Grilled Porcini

5 from 3 votes
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A plate of grilled porcini with spring vegetables.
Photo by Holly A. Heyser

Grilled mushrooms are a rare treat. Sure, store-bought portobellos are common enough, and they work fine, but when you get your hands on a nicer mushroom, like porcini, now that’s something special.

Whatever mushroom you grill, you need it to be very firm for this to work right. King trumpet mushrooms work well, as do lobster mushrooms, really big chanterelles, other boletes, the caps of big agaricus like the Prince, or maybe a really large hedgehog. Cross sections of hen of the woods grill well, too.

Roaring high heat is the key. I get my grill up to 500°F. You could roast them in an oven at that temperature, too. Lay the mushrooms down on the cut side and don’t move them for a long while — you want those pretty grill marks. And only cook on one side, with the grill cover down. They’ll cook through, don’t worry.

I know this plate looks baroque, but it’s not. I grilled some Sierra Nevada wild onions I found alongside the porcini, added a little lemon zest and fresh oregano from the garden, and dotted the plate with preserved garlic. That garlic is amazing, by the way. I got the idea from my friend Paul Virant’s book, The Preservation Kitchen: The Craft of Making and Cooking with Pickles, Preserves, and Aigre-doux.

It’s not important to exactly replicate this dish. What’s important is to have a few things on the plate that go well with grilled mushrooms: Onions, garlic, a little lemon, something herby.

The net effect is a vegetarian’s fantasy, so good even the committed carnivore won’t care or even really notice.

Porcini, when grill-roasted like this, take on a dense, meaty texture. They smell of the forest and of that musky warmth that attracts most mammals. And they taste savory, are tender in the center yet crispy on the edges, juicy and just faintly sweet. They taste like the best mushroom you’ve ever eaten. Because they are.

Grilled mushrooms on a plate
5 from 3 votes

Grilled Mushrooms

This is a very simple recipe, so you can play with it. I use porcini mushrooms here, but any thick mushroom works. See the headnotes for options. Once made, these will keep a couple days in the fridge.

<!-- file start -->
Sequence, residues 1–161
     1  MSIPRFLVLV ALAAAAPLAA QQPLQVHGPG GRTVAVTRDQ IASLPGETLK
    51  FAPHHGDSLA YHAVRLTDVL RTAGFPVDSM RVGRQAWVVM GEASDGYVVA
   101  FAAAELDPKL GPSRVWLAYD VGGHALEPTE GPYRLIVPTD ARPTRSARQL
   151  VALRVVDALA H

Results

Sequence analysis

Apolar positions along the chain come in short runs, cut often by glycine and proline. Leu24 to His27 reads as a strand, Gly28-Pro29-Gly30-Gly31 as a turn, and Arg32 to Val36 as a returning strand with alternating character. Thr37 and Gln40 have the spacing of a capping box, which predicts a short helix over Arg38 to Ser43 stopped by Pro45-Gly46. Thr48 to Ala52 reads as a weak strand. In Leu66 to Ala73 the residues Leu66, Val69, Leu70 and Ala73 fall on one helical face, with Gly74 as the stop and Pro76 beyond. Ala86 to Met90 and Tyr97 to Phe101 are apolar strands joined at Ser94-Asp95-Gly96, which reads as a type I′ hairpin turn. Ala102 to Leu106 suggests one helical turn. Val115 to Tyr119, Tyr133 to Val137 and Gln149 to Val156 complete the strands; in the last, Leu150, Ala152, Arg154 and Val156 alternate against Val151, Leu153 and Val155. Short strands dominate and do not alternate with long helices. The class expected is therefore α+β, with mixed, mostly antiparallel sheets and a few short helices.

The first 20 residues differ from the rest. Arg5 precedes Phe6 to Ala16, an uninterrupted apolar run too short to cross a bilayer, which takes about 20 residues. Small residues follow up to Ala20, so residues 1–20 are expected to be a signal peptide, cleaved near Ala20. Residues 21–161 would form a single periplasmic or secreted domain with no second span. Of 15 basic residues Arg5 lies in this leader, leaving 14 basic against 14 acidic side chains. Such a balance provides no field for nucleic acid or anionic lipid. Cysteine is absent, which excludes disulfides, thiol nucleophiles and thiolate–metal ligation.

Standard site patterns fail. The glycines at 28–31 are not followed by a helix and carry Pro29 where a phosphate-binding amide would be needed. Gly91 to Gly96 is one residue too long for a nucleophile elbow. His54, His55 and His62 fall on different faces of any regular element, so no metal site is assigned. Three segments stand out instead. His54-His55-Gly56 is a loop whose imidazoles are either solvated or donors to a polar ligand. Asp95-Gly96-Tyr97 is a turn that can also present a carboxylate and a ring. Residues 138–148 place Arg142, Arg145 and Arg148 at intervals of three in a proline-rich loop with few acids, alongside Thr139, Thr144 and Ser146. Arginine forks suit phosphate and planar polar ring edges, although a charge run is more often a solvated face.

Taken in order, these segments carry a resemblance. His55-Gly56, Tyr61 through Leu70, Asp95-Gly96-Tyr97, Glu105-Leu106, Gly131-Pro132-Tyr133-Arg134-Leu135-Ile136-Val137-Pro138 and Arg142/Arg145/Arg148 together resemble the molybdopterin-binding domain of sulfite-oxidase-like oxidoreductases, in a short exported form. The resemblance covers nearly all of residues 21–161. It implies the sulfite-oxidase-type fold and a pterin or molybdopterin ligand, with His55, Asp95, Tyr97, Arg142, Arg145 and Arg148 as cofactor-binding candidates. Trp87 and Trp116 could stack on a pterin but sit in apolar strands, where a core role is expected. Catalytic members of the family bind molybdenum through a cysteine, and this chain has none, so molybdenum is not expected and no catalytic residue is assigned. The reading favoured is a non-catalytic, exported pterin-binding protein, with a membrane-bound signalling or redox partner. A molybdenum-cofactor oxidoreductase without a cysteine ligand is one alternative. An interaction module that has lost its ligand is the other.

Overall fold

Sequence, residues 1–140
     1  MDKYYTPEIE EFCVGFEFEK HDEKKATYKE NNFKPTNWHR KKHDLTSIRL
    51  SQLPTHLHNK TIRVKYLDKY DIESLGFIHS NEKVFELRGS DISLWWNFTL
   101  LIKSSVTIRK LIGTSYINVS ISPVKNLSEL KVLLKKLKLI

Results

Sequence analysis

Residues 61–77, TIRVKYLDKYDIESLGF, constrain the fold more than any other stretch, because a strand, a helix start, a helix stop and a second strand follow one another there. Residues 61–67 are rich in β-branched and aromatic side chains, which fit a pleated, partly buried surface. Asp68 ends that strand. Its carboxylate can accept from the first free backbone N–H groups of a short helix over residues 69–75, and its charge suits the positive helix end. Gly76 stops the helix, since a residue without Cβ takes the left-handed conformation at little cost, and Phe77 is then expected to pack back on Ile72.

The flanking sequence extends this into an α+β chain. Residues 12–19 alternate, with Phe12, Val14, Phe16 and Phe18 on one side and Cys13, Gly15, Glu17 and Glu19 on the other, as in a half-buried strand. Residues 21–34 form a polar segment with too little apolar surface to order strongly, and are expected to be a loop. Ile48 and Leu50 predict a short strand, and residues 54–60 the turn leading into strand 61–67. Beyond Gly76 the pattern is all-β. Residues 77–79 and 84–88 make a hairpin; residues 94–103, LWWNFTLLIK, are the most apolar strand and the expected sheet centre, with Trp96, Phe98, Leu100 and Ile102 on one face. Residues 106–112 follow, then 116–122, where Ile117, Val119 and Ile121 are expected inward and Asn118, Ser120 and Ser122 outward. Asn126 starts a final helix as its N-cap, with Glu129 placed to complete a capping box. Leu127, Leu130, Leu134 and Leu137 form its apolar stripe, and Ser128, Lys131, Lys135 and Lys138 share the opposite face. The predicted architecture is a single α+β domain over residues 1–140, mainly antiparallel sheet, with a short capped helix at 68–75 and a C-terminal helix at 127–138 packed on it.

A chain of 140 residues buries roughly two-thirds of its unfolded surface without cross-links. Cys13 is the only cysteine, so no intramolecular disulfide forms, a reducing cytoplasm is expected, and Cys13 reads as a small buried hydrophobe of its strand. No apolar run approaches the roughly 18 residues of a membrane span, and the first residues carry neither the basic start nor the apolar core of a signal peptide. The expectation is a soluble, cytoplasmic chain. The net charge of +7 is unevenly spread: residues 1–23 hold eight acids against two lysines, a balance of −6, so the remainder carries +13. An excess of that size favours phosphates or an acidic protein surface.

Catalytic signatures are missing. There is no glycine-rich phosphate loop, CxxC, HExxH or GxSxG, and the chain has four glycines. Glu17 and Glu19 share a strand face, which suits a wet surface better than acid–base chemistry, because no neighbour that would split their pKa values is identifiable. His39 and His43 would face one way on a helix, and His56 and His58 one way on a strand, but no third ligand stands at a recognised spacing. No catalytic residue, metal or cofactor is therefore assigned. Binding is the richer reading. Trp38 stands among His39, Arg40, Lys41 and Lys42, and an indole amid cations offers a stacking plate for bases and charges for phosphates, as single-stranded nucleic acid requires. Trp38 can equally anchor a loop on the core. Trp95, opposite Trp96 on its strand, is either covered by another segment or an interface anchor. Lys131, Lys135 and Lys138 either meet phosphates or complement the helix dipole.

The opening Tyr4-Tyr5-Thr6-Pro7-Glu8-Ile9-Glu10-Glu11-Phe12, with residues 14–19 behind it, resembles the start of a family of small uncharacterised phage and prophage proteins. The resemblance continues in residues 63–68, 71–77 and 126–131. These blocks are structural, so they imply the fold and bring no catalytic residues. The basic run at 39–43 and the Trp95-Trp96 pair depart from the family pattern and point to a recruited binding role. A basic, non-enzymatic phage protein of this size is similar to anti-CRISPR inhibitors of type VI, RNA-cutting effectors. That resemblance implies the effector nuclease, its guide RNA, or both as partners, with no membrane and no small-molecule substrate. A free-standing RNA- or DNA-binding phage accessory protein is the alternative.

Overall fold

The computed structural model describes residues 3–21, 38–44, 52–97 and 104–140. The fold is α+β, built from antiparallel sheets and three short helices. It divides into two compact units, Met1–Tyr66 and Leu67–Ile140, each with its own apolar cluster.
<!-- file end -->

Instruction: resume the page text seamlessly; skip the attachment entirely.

Course: Appetizer, lunch, Main Course
Cuisine: American
Servings: 4 people
Author: Hank Shaw
Prep Time: 10 minutes
Cook Time: 10 minutes
Total Time: 20 minutes

Ingredients 

  • 1 pound mushrooms
  • 3 tablespoons extra virgin olive oil
  • Salt, finely ground
  • Juice and zest of a lemon
  • 1 teaspoon dried oregano
  • Black pepper to taste

Instructions 

  • Get your grill hot, and make sure the grill grates are clean.
  • Make sure the mushrooms are clean by wiping them with a damp paper towel and/or trimming dirty parts with a knife. You are looking for largish pieces that can stand up to the grill, so anything about 1/4 inch to 1/2 inch is good. I mostly prefer thick slices of porcini, or portobello caps.
  • Toss the mushrooms in oil and salt them well. Lay them cut side down on the grill and let them sear until you get good grill marks, typically about 3 to 5 minutes. Turn them over and give the mushrooms another 2 to 3 minutes. You want browning, but not dried out mushrooms.
  • Move the mushrooms to a bowl and toss with a bit more olive oil, crumbled oregano leaves, lemon zest and juice, and some black pepper.

Nutrition

Calories: 119kcal | Carbohydrates: 4g | Protein: 4g | Fat: 11g | Saturated Fat: 2g | Sodium: 6mg | Potassium: 361mg | Fiber: 1g | Sugar: 2g | Vitamin C: 2mg | Calcium: 11mg | Iron: 1mg

Nutrition information is automatically calculated, so should only be used as an approximation.

Tried this recipe? Tag me today!Mention @huntgathercook or tag #hankshaw!

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About Hank Shaw

Hey there. Welcome to Hunter Angler Gardener Cook, the internet’s largest source of recipes and know-how for wild foods. I am a chef, author, and yes, hunter, angler, gardener, forager and cook. Follow me on Instagram and on Facebook.

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5 Comments

  1. I’ve grilled thick slices but as it looks in your post these were really small buttons simply cut in half. It makes me wonder if this would not work as beautifully with a Butter or Queen Bolette button? Have you ever tried this technique with a whole Cocora (Amanita lanei) cap? Anyway, love your website. Awesome insights and information…not to mention good eats!

  2. I just picked up some gorgeous porcinis from the market today (have been waiting for them since last year!) and pickled ramps from Paul Virant’s book–I am so looking forward to making this! thanks for the pairing idea.

  3. I could not agree more, Hank. Grilling porcini is definitely the way to go. It works great with a grill pan on the stove top if you don’t want to pull out the barbeque too. The key seems to be that high heat for a short duration. I just finished working my way through my last batch of fresh spring kings. Yum!